Cyber-war: A new chapter in international law development

Cyber-warfare is no longer science fiction. It is quite real. With global infrastructure growing increasingly dependent on cyberspace and its networking systems, defense against cyber-attacks is already a worldwide concern. Unimaginable 20 years ago, states dependent on the networked world are trying to come to a consensus on the regulation of cyberspace. International law regulation of cyberspace is one of the key issues. Can states use force in response to cyber-attacks? Can a cyber-attack be so serious that it can trigger self-defense mechanisms via international law? Is it possible that future cyber-attacks could erupt into full scale physical wars? What are states’ current attitudes towards cyber-warfare norms in international law? This article will illuminate these issues and several other important questions, analyze key aspects of international legal regulation of cyberspace and cyber-warfare, and present conclusions.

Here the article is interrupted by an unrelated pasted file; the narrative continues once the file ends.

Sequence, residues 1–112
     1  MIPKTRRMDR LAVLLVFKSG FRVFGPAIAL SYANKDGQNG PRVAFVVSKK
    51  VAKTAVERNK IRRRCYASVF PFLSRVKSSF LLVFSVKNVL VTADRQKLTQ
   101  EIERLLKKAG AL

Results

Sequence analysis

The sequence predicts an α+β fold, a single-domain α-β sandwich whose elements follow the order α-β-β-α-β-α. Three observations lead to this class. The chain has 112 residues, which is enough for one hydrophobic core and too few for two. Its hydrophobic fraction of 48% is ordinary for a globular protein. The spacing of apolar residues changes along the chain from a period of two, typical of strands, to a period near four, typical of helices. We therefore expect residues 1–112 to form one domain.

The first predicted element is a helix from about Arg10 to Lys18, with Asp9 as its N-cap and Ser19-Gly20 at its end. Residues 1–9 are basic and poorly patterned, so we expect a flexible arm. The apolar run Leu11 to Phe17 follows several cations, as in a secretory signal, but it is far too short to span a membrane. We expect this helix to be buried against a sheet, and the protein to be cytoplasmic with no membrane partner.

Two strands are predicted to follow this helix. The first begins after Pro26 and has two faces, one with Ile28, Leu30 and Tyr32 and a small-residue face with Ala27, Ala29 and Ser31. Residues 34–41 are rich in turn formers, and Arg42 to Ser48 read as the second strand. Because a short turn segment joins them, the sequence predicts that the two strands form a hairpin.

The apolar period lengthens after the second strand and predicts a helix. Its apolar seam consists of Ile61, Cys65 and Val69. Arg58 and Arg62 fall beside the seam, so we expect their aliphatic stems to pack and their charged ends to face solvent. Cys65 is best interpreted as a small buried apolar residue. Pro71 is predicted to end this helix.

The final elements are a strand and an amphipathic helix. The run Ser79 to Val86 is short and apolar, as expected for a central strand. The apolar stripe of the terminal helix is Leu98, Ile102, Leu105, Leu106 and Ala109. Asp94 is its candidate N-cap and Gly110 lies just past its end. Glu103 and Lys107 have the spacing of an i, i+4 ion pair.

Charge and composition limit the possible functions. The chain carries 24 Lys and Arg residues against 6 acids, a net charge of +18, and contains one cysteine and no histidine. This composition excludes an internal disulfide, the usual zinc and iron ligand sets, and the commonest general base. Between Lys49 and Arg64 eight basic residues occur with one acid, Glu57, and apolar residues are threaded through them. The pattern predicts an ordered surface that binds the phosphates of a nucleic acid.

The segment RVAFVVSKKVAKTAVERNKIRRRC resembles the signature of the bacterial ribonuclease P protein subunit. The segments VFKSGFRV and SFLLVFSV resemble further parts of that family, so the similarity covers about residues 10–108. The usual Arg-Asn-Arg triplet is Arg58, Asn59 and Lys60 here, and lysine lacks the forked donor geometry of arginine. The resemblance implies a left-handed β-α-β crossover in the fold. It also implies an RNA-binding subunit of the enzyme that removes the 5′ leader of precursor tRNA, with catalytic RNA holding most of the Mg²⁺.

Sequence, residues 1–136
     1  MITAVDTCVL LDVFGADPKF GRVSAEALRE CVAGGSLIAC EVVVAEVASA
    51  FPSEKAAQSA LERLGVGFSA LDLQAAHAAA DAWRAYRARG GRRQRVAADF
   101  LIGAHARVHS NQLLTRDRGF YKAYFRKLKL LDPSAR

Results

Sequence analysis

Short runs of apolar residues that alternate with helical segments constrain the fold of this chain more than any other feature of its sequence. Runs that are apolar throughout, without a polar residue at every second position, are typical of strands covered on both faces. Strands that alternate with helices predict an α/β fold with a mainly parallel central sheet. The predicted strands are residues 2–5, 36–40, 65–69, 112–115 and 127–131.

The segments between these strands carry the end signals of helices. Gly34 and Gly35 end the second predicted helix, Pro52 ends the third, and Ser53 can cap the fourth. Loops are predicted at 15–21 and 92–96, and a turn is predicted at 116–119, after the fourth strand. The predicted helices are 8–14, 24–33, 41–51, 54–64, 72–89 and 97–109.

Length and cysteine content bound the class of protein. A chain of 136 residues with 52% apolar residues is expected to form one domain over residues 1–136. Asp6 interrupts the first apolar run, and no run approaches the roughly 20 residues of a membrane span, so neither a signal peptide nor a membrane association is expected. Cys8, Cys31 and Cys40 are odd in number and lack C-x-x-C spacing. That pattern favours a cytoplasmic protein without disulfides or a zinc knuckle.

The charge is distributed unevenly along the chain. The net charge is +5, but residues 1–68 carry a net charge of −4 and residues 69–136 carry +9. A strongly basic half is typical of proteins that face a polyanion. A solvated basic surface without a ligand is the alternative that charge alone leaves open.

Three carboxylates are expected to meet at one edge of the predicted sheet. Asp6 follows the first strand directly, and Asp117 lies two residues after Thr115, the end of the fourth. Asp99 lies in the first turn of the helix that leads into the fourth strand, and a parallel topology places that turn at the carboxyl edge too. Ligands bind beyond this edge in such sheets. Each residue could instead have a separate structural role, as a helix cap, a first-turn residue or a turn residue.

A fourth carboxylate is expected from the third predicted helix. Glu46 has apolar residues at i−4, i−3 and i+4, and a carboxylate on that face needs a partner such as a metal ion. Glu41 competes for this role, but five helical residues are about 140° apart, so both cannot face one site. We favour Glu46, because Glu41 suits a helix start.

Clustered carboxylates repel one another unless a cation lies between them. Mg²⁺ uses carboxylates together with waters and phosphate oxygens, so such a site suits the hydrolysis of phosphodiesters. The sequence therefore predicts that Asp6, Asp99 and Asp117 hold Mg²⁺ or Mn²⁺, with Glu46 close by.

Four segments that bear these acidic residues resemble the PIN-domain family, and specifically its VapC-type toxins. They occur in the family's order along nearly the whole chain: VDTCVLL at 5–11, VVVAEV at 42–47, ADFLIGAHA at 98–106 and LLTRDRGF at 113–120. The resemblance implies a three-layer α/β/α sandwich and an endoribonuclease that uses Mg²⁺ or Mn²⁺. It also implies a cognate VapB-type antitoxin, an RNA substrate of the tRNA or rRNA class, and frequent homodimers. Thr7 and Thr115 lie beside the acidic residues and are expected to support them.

Authors: Kamal Makili-Aliyev
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